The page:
Sharks are in the news, but not for their normal shenanigans. They, and their squalene, an oil found in their livers, apparently have a role in the COVID-19 vaccine story.

Squalene is used as an adjuvant in vaccines and chemotherapeutics. An adjuvant revs up the immune system, resulting in a bigger immune response, which means better resistance to the pathogen. Squalene has been used for years in one flu vaccine; a recent count shows this vaccine has been given to 100 million people in 30 countries.

Adjuvants can do more than just up the immune response; a strong immune response can mean that a vaccine, per dose, needs less antigen, and therefore the adjuvant can produce more doses for more people. "Use of an adjuvant can be of particular importance in a pandemic situation because of this potential to boost the immune response and reduce the amount of antigen required per dose, allowing more vaccine doses to be produced and therefore contributing to protect more people," said a spokesperson for GlaxoSmithKline (GSK). It is the antigen that will fight foreign invaders in the body.

The squalene used in the flu vaccines has an "excellent safety record," according to the CDC.

But do we need a bigger boat?

Vaccination is necessary to prevent the spread of diseases, everything from the annual flu, HPV, measles, mumps, rubella, and, with any luck the coronavirus. And according to GSK, the amount of squalene needed for the adjuvant is "a very small proportion of the animal-derived squalene used worldwide – the vast majority of squalene produced is used by other industries including the cosmetic industry."

But the sharks have friends. A campaign to stop using shark squalene was started by the non-profit, Shark Allies. The online petition now has 103,000 signatures. Stefanie Brendl, founder and executive director of Shark Allies, told Medical Daily that she is also reaching out to manufacturers that make alternative sources of squalene.

In October, a team of researchers from the University of Kentucky showed that squalene produced by yeast was just as effective as that made from sharks, and that yeast isn’t the only possible source. Currently, several companies are producing vegetable-derived squalene. In their paper, the authors wrote, “Squalene has historically been harvested from shark liver oil, which is undesirable for a variety of reasons.” The researchers cite the environmental issues, the same ones cited by Shark Allies, as well as the possibility of environmental pollution contaminating the squalene.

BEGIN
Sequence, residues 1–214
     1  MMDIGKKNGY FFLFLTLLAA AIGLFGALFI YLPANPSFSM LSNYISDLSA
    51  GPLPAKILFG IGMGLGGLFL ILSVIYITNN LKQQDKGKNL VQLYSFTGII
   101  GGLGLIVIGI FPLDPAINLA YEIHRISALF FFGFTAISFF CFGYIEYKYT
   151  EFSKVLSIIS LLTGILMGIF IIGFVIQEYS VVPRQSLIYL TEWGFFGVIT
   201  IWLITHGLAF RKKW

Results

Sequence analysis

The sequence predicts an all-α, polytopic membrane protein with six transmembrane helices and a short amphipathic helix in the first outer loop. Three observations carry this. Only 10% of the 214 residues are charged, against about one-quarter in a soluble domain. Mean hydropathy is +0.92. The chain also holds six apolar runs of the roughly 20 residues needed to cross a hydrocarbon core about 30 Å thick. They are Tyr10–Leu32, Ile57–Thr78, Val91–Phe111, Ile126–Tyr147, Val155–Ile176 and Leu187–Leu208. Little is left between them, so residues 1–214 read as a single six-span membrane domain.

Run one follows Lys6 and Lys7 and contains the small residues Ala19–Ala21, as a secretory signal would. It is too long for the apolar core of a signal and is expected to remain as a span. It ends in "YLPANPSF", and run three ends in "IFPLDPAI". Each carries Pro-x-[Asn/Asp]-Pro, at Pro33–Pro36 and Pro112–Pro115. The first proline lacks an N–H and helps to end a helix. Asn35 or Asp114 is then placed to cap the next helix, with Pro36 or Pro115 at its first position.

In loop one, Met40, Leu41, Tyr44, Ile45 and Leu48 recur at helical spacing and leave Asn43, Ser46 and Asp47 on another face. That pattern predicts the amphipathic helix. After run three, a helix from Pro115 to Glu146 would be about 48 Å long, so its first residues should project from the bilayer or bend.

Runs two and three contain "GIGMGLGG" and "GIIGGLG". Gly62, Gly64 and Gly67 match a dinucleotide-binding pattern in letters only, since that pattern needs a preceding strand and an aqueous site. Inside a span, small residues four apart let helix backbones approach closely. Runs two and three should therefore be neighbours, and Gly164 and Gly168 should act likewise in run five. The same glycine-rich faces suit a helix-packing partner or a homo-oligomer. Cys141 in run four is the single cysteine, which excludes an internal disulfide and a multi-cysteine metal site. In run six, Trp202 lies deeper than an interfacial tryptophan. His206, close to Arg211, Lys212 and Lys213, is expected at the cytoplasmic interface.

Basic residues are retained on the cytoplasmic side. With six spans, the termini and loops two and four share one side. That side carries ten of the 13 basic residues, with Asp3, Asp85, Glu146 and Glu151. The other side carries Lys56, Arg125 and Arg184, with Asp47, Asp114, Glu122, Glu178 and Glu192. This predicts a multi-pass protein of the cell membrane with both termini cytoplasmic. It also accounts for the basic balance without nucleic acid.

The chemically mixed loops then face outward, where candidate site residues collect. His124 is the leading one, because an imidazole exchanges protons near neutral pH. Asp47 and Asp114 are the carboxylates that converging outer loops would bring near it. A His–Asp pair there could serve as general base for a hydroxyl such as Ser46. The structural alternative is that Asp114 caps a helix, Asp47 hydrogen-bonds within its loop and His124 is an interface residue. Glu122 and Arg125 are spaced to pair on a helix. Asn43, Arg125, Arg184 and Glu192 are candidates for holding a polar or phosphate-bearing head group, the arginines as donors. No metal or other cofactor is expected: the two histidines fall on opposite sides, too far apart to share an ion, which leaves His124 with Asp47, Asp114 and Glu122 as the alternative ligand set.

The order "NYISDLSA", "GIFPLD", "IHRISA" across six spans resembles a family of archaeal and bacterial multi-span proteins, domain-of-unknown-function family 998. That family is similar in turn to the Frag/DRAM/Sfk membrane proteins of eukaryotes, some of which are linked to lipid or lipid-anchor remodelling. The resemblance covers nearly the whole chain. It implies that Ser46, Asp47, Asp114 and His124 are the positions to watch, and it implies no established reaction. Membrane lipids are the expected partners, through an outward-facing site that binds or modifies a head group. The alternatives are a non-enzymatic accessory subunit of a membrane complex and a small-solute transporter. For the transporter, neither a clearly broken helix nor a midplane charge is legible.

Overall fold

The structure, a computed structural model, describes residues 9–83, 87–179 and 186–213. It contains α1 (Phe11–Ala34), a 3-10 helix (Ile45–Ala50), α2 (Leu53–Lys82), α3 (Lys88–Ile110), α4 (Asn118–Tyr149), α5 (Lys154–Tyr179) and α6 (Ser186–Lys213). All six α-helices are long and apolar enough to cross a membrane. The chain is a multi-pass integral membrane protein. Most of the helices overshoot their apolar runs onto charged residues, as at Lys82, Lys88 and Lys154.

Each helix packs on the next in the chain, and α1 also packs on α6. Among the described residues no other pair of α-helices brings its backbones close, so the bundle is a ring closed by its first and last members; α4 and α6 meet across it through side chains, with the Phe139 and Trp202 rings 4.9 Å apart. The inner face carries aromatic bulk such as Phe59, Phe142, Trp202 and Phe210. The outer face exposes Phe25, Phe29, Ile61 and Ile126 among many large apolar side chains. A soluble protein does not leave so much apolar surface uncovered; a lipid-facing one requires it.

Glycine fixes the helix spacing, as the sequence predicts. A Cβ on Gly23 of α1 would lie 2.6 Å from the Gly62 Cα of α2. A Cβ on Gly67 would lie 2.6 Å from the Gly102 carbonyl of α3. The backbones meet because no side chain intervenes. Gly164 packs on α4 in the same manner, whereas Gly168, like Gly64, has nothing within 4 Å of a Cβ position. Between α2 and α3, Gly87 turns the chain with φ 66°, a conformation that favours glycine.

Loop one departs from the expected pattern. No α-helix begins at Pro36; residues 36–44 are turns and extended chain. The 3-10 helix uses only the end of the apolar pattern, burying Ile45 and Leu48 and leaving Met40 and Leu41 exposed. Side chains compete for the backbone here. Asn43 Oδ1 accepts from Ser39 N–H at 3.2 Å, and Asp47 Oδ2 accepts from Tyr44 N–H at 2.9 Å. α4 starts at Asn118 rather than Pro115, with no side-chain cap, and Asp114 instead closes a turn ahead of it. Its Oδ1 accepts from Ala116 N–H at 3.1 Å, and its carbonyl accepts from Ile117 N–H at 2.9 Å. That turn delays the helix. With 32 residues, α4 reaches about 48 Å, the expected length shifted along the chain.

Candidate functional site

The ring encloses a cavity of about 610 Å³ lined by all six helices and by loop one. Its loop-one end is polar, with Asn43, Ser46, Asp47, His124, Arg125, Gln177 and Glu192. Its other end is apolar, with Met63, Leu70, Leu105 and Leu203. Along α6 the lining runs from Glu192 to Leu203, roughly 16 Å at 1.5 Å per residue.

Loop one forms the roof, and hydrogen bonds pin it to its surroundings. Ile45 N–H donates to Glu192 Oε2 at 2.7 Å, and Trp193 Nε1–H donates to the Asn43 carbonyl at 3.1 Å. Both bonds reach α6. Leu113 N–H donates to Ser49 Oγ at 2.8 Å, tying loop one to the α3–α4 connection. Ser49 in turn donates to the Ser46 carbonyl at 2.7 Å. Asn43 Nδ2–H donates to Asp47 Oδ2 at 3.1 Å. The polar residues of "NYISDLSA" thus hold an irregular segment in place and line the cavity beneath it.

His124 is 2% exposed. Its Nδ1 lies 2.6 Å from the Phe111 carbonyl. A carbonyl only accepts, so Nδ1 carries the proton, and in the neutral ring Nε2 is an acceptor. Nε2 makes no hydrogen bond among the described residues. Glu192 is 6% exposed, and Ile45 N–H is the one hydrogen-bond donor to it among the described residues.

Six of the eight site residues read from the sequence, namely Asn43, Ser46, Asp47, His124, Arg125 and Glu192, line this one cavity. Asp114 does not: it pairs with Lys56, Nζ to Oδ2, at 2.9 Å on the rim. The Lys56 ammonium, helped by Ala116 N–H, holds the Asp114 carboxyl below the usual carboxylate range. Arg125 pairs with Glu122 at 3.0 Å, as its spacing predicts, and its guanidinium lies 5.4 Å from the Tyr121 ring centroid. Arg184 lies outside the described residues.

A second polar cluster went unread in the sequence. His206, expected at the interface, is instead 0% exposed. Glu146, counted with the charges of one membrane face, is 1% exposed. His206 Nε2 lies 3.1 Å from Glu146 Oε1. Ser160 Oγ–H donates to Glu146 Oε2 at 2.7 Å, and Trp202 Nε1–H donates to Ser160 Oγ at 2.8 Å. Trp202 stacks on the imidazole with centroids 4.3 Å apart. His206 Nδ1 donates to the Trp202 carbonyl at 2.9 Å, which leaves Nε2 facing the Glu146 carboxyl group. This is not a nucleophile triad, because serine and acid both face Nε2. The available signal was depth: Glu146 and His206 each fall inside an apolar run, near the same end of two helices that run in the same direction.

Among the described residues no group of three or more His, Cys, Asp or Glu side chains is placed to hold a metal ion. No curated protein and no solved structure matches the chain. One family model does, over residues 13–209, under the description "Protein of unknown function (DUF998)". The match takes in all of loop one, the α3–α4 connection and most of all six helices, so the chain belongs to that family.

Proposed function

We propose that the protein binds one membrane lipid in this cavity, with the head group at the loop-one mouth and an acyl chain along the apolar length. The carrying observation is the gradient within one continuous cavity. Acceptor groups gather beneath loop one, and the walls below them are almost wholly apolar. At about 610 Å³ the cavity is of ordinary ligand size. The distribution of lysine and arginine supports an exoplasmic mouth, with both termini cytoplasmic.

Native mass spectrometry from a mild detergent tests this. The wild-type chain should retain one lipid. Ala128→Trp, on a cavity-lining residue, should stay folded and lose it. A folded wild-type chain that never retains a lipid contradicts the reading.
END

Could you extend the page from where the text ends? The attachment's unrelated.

But while a switch may be possible, that doesn't mean it is feasible. "Today, there is no suitable alternative option for squalene available – the research into suitable alternatives is on-going and will not result in other options within the timeframe of the COVID-19 pandemic," explained the GSK spokesperson.

GSK is not making a COVID-19 vaccine, but it is developing an adjuvant that will be used in several potential vaccines. "We have confirmed our intention to manufacture 1 billion doses of our pandemic vaccine adjuvant system, in 2021, to support the development of multiple adjuvant COVID-19 vaccine candidates," said a spokesperson.

Many of the sharks used for processing into squalene are so-called bycatch. According to the National Oceanic and Atmospheric Administration, these animals are unintentionally caught. GSK says that many of the sharks that eventually make their way into pharmaceuticals are not hunted down for their livers, but accidentally caught.

Harming sharks vs helping man

Ms. Brendl believes sustainable squalene is not possible. Sharks not a renewable resource, and she believes that they are not ethical sources of squalene. “The people that buy it, I doubt very much that they even know where the sharks come from that are in their squalene, because sharks and shark oil and squalene get traded all around the globe,” she said.

Saving sharks could be an uphill battle. Sharks aren't exactly as popular as puppies. According to a 2019 survey from Chapman University, 32.3% of people were afraid of sharks. It is worth noting that sharks do not hunt people.

But when the two species meet, it's catastrophic.

The number of attacks have risen.

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Shark Attacks in the United States International Shark Attack File

More people are in the water, drawn to sports like surfing and spearfishing. But the fall and rise of a favorite shark food, namely the seals, has brought man, shark and seal into the same neck of the woods, as it were. Seals were a favorite hunting target of man, so by the middle of the 20th century, and killed to the point of extinction, but the population has made a comeback. And the sharks followed.

So while sharks do pose a threat to humans, losing them to hunting would impact oceans and their denizens. Oceana, an ocean advocacy group, considers sharks apex predators. This means that they eat a wide range of middle-of-the-food-pyramid animals. Their lofty position and eating habits do three things. It:

  • Keeps the prey population healthy, as sharks eat sick or old animals
  • Stops overgrazing by prey fish on kelp and coral reefs
  • Maintains a good balance in the ecosystem

According to researchers, 19% of the world's coral reefs are missing sharks. Sharks are hunted for their skin, meat, fins, and organs.

Said Ms. Brendl: “I'm hoping that this vaccine and the squalene campaigns, in general, bring to people's awareness that any part of a wild animal that is endangered, any part that is used will increase their value and will increase the reason why they're being hunted.”

Sabrina Emms is a science journalist who has worked as a researcher, looking at the way bones are formed.

Christine Bahls contributed additional reporting.